Oct. 21:         The New Deal in the Late 1930s

Oct. 26:         Hand Back Exams

                  Reading:  Pells, chs. 2-8, epilogue

Oct. 28:         The Search for Radical Alternatives: The Ideals of Planning and Community

Nov. 2:         The Search for Radical Alternatives: The Role of the Intellectual

Nov. 4:         The Culture of the 1930s: Art, Music, and the Radio        

                  Reading:  John Steinbeck, The Grapes of Wrath

Nov. 9:         The Culture of the 1930s: The Theater and the Movies        

                  Reading:  Richard Wright, Native Son        

Nov. 11:         The Literature of Social Protest: John Steinbeck and Richard Wright

Nov. 16:         The Literature of Social Satire: Men, Women, and Mary McCarthy

                  Reading:  Mary McCarthy, The Company She Keeps

Nov. 18:         Social Change and Social Stability: The “Forgotten” Americans

Nov. 23:         Social Change and Social Stability: The Middle Class

Nov. 30:         From Depression to War

Dec. 2:         Discussion of Final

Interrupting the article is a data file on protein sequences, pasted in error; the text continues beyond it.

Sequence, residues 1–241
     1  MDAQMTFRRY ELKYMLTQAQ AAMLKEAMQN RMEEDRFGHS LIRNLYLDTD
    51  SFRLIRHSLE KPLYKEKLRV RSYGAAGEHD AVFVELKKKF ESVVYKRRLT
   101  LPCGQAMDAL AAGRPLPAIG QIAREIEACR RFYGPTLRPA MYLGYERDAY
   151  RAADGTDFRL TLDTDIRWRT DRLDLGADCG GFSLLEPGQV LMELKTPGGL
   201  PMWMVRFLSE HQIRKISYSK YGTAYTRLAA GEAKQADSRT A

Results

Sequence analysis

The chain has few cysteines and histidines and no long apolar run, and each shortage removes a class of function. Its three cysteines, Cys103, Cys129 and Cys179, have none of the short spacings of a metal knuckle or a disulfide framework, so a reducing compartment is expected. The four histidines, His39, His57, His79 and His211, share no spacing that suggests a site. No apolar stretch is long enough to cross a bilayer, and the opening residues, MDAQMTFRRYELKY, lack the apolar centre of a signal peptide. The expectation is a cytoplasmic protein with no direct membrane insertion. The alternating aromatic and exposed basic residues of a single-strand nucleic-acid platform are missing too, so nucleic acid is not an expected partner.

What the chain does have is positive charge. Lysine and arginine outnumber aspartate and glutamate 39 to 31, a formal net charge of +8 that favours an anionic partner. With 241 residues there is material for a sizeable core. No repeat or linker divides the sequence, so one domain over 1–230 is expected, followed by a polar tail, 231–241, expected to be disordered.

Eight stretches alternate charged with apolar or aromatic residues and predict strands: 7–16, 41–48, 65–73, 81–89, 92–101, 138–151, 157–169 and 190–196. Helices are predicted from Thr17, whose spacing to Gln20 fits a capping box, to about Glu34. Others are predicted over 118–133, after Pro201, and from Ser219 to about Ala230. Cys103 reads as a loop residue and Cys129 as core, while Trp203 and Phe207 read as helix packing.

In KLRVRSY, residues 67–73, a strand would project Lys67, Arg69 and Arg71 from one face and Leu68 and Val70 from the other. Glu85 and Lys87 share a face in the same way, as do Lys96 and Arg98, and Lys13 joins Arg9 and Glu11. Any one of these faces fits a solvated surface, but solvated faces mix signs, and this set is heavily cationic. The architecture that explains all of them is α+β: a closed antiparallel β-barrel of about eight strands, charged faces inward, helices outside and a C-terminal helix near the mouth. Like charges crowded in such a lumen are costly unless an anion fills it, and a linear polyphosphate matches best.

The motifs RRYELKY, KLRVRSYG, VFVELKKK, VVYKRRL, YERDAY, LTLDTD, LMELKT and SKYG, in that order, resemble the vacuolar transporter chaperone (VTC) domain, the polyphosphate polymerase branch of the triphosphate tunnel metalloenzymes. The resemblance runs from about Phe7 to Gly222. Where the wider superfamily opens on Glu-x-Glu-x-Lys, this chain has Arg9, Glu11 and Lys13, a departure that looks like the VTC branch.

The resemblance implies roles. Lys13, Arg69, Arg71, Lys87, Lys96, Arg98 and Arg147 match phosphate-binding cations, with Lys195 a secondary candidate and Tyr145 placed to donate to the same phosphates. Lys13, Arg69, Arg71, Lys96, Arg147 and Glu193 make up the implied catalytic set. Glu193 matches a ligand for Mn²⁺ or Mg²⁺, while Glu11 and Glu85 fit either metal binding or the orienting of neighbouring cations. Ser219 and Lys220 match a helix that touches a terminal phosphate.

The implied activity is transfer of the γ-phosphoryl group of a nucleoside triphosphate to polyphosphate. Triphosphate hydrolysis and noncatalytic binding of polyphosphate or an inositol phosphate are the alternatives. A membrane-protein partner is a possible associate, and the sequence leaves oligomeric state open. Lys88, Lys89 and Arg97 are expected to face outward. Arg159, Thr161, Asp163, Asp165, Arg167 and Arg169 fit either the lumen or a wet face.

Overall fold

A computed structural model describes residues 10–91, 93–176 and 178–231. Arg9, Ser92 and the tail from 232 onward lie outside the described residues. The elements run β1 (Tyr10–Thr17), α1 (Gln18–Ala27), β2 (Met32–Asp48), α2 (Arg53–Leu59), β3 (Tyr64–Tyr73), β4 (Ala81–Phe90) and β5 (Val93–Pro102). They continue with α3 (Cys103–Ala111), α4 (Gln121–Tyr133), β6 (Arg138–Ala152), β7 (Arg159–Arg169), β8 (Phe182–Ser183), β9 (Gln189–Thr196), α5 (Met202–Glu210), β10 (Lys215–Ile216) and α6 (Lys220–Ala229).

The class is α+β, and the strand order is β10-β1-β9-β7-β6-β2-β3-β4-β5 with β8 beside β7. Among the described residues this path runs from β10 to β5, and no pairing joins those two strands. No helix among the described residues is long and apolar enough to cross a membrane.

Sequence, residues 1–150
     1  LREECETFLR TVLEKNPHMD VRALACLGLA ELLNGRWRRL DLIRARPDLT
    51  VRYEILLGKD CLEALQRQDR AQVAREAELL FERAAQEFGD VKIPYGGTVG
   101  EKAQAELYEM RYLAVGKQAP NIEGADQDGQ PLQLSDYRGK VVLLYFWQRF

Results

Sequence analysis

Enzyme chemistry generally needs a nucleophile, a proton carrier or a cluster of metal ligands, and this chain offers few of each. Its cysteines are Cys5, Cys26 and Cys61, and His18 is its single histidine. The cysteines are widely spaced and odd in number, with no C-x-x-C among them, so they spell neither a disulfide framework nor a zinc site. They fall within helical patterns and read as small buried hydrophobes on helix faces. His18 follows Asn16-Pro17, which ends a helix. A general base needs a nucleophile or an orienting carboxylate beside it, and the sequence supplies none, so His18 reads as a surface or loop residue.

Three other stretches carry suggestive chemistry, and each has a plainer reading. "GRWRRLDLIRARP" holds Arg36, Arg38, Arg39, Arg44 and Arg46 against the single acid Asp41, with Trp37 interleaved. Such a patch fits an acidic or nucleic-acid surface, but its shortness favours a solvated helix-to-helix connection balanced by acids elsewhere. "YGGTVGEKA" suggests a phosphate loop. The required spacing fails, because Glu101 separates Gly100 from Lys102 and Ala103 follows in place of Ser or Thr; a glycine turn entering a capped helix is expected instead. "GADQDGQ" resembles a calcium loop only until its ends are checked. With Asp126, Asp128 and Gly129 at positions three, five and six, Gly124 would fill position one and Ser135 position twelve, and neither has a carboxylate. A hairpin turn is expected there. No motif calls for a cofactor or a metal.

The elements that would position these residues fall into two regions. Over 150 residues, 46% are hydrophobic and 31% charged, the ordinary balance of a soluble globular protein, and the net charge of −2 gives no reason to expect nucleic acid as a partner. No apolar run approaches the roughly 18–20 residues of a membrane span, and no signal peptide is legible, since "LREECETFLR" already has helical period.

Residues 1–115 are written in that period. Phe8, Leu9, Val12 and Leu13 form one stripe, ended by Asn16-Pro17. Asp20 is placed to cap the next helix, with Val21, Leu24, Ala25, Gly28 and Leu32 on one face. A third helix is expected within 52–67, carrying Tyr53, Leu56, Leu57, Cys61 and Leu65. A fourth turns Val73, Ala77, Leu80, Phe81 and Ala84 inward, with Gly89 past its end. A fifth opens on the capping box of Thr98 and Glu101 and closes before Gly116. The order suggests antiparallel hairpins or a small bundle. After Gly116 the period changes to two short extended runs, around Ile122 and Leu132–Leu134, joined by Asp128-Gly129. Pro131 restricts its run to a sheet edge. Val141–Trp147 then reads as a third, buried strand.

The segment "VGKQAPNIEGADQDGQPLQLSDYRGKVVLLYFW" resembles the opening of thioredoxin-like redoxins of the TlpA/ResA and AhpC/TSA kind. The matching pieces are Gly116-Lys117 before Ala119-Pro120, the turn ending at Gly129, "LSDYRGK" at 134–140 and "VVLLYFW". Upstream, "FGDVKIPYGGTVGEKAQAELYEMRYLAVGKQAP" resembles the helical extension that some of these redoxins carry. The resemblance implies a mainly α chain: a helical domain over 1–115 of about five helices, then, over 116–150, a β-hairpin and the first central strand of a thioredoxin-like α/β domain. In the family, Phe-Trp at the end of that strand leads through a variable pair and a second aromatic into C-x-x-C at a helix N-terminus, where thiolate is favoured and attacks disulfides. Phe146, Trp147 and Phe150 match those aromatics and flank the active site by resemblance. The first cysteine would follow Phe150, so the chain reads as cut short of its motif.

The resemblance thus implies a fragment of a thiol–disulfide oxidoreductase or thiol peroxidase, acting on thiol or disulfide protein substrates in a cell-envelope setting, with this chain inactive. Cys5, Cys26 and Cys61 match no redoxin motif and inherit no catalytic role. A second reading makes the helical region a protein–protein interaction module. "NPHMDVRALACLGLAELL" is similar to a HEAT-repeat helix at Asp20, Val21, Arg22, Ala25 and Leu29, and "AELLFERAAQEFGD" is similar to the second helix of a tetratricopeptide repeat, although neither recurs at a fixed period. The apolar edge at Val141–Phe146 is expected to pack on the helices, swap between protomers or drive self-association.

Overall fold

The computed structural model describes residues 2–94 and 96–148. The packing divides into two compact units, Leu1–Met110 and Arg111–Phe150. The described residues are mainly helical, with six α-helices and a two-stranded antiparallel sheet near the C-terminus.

Dec. 8:         FINAL PAPER DUE BY NOON IN MAIN HISTORY OFFICE (GARRISON 1.104)

_________________________________________

READING ASSIGNMENTS

For Mid-Term Paper (due October 12 by 4:30 in Main History Office, Garrison 1.104):
                  Sinclair Lewis, Babbitt
                  Malcolm Cowley, Exile’s Return
                  Richard Pells, Radical Visions and American Dreams, prefaces, ch. 1
                  F. Scott Fitzgerald, The Great Gatsby
                 Ernest Hemingway, The Sun Also Rises

 For Final Paper (due December 8 by Noon in Main History Office, Garrison 1.104):
                  Pells, chs. 2-8, epilogue
                  John Steinbeck, The Grapes of Wrath